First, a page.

As you can see from the photo, this is another well-worn piece that I have had for more than 30 years. I love the imagery of the cover, and it does remind me of a couple of other bands I liked in 1983, Big Country and U2. I didn't go for either one of them too much beyond this period either, but I did grow to appreciate the Alarm's Mike Peters during his stint fronting Big Country between 2010 and 2013. Seemed like such a nice fit. Enjoy three minutes that will make you want to go out and march in the streets.
"I had a rough marriage. My wife was an immature woman. See if this is not immature to you. I would be home in the bathroom taking a bath... and my wife would walk in whenever she felt like... and sink my boats."
"I wanted to get them a wedding present, and I didn't know what to get the junkie that has everything. I thought maybe a 16-piece starter set of silverware would be nice... all spoons."
I don't know about you, but I could use a smile today. Just a few albums down from ABC, I have three live albums from one Master Haywood Allen. Today we will listen to his first, recorded at Mister Kelly's in Chicago, circa March 1964. If you don't know Mister Kelly's, it was one of the hottest spots along the city's famous Rush Street in the swingin' '60s. It's where you went to sip whiskey sours while you listened to singers like Sarah, Ella, and Frank or laughed to George Carlin, Joan Rivers or the Smothers Brothers.
As you may know, I grew up in the cow pastures of Illinois, as W. Somerset Maugham described the area in 'The Razor's Edge,' and when I used to listen to Allen's routine as a teen, I dreamed of being in that audience on Rush all those years ago. That's what youngsters from the sticks do. We fantasize of leaving small-town life for the excitement of the big city. For me, that beacon was about 150 long miles away in Chicago. When I moved there at age 20, one of my first stops was to 1028 North Rush Street. Mister Kelly's had closed 15 years earlier, and Gibson's Steakhouse was there. Still is. It's become an institution in its own right. Old school, highly recommended, but Mister Kelly's it ain't.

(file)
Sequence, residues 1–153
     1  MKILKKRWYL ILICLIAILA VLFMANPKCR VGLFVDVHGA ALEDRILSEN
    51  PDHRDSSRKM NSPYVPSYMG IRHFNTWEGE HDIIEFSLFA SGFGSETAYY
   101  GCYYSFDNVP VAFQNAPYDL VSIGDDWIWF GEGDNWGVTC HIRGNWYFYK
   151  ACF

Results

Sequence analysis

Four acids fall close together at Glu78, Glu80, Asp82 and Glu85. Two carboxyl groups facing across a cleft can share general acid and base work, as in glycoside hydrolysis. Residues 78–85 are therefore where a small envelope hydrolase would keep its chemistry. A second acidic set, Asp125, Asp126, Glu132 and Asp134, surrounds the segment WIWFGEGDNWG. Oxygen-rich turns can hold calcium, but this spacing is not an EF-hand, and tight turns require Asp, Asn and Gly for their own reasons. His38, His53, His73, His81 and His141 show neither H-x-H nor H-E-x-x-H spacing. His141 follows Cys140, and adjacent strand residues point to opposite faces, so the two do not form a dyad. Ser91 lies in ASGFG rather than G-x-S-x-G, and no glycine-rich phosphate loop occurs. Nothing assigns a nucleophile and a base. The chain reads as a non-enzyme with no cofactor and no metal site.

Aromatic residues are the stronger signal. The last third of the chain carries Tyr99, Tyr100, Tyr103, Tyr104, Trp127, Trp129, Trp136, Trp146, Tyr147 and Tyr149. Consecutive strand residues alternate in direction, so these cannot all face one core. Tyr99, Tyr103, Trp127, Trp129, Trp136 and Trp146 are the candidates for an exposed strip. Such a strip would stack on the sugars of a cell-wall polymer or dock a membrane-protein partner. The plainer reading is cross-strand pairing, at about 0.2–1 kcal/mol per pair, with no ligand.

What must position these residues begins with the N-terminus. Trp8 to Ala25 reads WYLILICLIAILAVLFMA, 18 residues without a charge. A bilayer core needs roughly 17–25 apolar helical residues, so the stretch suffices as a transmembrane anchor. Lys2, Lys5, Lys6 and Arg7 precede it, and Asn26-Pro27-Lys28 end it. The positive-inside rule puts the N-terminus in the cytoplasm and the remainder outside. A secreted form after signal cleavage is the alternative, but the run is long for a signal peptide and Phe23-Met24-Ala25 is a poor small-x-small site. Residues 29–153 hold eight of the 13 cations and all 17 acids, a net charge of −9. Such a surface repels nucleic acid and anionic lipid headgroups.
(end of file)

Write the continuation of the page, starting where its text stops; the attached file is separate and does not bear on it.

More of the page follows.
I have worn this vinyl down to nothing from close to 30 years of continuous play. It would be a good time to start messing around with the software to clean up some of that surface noise, particularly on the A side, but I don't think you'll mind too much. Here is the whole album. If the sadness of losing your hero gets to be too much today, spend a few minutes with this one. You will smile.
I made a new year's resolution that I wasn't able to act on until now. Beginning today through the rest of 2016 I pledge to go all vinyl on this blog. I can make this claim because Mrs. LTL got me a USB audio interface with a built-in phono preamp for Christmas. In other words, I'm finished with crappy USB turntables once and for all. I can finally use my Technics SL-6 linear-tracking turntable, circa 1984, to bring you the hits, and my kids can finally use the USB turntables to play pizza makers without fear of retribution. The only exception to this all-vinyl proclamation will be if I want to pass along news of a new release that only has streaming as a way for you to hear it.
I started playing with my new toy this afternoon, and I think I have it down enough to give this a go. The plan is to go straight to the letter A and work my way to Z, spending a week or two at each letter. Well, maybe not the Zs, but you get the point. I'll focus on bands that I want to take the time to transfer over to a digital format, ignoring most of the more embarrassing acts completely. Well, maybe not completely. What would be the fun in that? Speaking of embarrassing, technically going alphabetically, there is one act on the shelf that comes before today's selection, but it's a tricky one. Anyone have a guess who the first band is in my A section?
As you can see from the photo above, ABC's 'The Lexicon of Love' was a huge album in my youth. In fact, I only have a couple of pieces of vinyl from them that goes beyond 1982. The album has been hotly debated by our corner of the blogosphere. Our pal Friend of Rachel Worth called 'The Lexicon of Love' his favorite album on the day he retired his excellent blog. I believe George, CC and Echorich (and maybe the Swede) are on that side of the fence, but I seem to recall Drew and the Robster vehemently disagreeing with the rest of us when the album was featured on Charity Chic Music last year. I may have quickly lost the love for ABC, but I have never stopped believing 'The Lexicon of Love' is pop perfection.